In 1898 some things would change though. The Private Mailing Card Act of 1898 would allow for private post cards to be sent at the same one-cent rate, provided the cards had “Private Mailing Card, Authorized by Act of Congress on May 19, 1898″ printed on them. Like many things, the postcard’s popularity would increase due to low price, and the Private Mailing Card Act is considered by many to have been the greatest assist in postcard popularity. On December 24th, 1901, the U.S. government allowed the use of the words “Post Card” or “Postcard” to be printed on the backs of privately printed cards and allowed publishers to drop the authorization inscription previously required by law, yet still have the same rate at government issued postal cards.
As mentioned, it was illegal to write a note on the address side of the card, but soon, another change would also help postcards curry favor: Divided backs. Divided backs (a postcard back with a center line to divide the address from the message) came along (in 1902 in England, 1904 in France, 1905 in Germany, and 1907 in the US) and the public had more room to write at a very cheap rate of just one-cent. At this rate, many people, used postcard to keep in touch with friends and relatives near and far — and as mail was delivered twice a day, postcards were a timely way to correspond and even arrange dates. The official figures from the U.S. Post Office for their fiscal year ending June 30, 1908, cite 677,777,798 postcards mailed — and that with a total population of the United States at 88,700,000.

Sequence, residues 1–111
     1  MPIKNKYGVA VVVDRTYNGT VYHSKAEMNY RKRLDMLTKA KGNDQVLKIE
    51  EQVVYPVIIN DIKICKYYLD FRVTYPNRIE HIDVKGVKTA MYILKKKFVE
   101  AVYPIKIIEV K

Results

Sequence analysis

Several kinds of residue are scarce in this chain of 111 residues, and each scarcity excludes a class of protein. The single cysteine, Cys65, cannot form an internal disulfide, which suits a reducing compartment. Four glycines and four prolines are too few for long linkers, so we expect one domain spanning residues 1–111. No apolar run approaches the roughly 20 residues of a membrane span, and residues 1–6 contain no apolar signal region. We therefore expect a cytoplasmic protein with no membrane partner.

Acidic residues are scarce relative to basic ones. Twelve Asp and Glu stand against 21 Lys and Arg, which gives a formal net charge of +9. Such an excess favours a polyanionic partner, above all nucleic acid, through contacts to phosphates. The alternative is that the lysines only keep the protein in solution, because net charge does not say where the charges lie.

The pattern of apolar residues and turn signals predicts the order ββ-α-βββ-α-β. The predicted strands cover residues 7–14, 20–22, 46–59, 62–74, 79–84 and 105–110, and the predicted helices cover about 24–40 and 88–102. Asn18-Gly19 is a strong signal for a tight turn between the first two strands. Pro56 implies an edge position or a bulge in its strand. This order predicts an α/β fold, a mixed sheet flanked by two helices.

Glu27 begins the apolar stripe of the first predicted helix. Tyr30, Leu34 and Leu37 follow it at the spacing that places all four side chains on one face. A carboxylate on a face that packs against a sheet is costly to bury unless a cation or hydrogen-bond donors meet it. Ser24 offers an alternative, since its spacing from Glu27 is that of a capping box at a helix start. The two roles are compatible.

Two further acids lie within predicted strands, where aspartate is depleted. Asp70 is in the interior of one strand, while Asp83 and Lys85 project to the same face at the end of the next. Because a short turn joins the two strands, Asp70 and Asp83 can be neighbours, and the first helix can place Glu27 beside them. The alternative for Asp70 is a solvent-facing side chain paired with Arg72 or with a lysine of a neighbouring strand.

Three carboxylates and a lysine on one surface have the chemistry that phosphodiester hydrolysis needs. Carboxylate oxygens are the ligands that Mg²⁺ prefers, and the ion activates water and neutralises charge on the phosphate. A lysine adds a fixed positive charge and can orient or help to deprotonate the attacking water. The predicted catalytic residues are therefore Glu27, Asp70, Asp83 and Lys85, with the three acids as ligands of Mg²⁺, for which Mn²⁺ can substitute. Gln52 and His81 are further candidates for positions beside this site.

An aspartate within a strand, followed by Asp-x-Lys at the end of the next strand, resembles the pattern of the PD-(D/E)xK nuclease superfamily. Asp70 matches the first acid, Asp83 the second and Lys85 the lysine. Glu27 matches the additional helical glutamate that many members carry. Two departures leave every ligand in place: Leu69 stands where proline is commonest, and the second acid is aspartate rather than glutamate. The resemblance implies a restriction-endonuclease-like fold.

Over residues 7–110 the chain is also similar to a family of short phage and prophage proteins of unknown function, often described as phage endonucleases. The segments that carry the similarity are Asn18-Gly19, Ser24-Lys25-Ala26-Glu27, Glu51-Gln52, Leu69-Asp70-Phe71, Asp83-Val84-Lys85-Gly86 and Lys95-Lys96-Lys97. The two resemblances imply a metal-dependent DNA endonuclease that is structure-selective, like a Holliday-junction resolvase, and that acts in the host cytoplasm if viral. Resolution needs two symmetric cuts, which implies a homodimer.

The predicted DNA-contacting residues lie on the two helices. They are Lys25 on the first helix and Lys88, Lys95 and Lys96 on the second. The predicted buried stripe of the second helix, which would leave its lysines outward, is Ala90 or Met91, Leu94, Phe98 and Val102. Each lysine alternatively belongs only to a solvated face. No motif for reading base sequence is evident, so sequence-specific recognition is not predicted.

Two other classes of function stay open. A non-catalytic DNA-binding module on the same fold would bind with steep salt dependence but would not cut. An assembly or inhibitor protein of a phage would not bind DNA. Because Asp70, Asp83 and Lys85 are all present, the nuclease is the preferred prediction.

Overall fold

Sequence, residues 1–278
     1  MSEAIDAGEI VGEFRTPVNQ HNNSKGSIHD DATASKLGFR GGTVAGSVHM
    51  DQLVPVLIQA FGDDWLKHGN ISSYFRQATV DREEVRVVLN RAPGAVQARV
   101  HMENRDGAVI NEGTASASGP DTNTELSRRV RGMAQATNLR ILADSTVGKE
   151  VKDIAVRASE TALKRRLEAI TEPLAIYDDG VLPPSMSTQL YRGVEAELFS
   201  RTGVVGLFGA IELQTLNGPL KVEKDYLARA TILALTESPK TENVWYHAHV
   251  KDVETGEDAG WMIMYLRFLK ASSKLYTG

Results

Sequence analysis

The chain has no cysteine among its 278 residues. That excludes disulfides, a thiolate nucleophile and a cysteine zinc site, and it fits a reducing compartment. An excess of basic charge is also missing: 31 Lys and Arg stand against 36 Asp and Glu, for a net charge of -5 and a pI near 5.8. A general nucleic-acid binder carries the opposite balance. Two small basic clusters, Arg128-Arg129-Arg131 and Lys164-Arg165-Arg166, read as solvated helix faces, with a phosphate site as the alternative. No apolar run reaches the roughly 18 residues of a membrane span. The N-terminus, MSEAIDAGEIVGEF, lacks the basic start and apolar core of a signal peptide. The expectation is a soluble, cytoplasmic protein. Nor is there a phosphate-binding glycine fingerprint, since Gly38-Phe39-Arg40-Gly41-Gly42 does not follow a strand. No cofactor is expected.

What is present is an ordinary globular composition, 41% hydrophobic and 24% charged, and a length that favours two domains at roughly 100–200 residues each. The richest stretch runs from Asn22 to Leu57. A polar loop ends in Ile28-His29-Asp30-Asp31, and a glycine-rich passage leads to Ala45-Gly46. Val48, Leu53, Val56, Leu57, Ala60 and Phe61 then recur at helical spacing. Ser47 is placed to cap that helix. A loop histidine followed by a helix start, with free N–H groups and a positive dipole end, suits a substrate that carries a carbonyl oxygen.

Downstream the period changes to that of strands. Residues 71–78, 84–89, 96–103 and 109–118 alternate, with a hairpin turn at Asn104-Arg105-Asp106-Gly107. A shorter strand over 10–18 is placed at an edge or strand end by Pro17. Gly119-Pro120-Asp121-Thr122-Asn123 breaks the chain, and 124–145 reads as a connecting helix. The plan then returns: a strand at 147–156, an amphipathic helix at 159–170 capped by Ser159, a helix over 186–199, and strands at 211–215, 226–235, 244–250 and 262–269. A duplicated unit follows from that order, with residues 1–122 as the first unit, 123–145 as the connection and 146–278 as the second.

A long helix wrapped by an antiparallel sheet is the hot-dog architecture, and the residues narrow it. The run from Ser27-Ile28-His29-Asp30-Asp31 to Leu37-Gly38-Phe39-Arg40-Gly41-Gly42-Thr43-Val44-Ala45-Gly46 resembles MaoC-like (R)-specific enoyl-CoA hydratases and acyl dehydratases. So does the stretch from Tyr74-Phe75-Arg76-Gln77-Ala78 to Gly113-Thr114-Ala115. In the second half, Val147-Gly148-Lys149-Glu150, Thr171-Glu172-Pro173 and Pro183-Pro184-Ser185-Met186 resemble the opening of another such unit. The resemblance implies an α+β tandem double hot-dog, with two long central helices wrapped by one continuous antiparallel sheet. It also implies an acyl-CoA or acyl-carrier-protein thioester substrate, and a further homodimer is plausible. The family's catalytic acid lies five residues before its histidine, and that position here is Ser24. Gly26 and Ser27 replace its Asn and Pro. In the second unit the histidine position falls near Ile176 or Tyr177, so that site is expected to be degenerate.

Throughout the Golden Age of postcards remained just one penny to mail, but it wasn’t just the cheap-factor which enamored the public; it was the art too.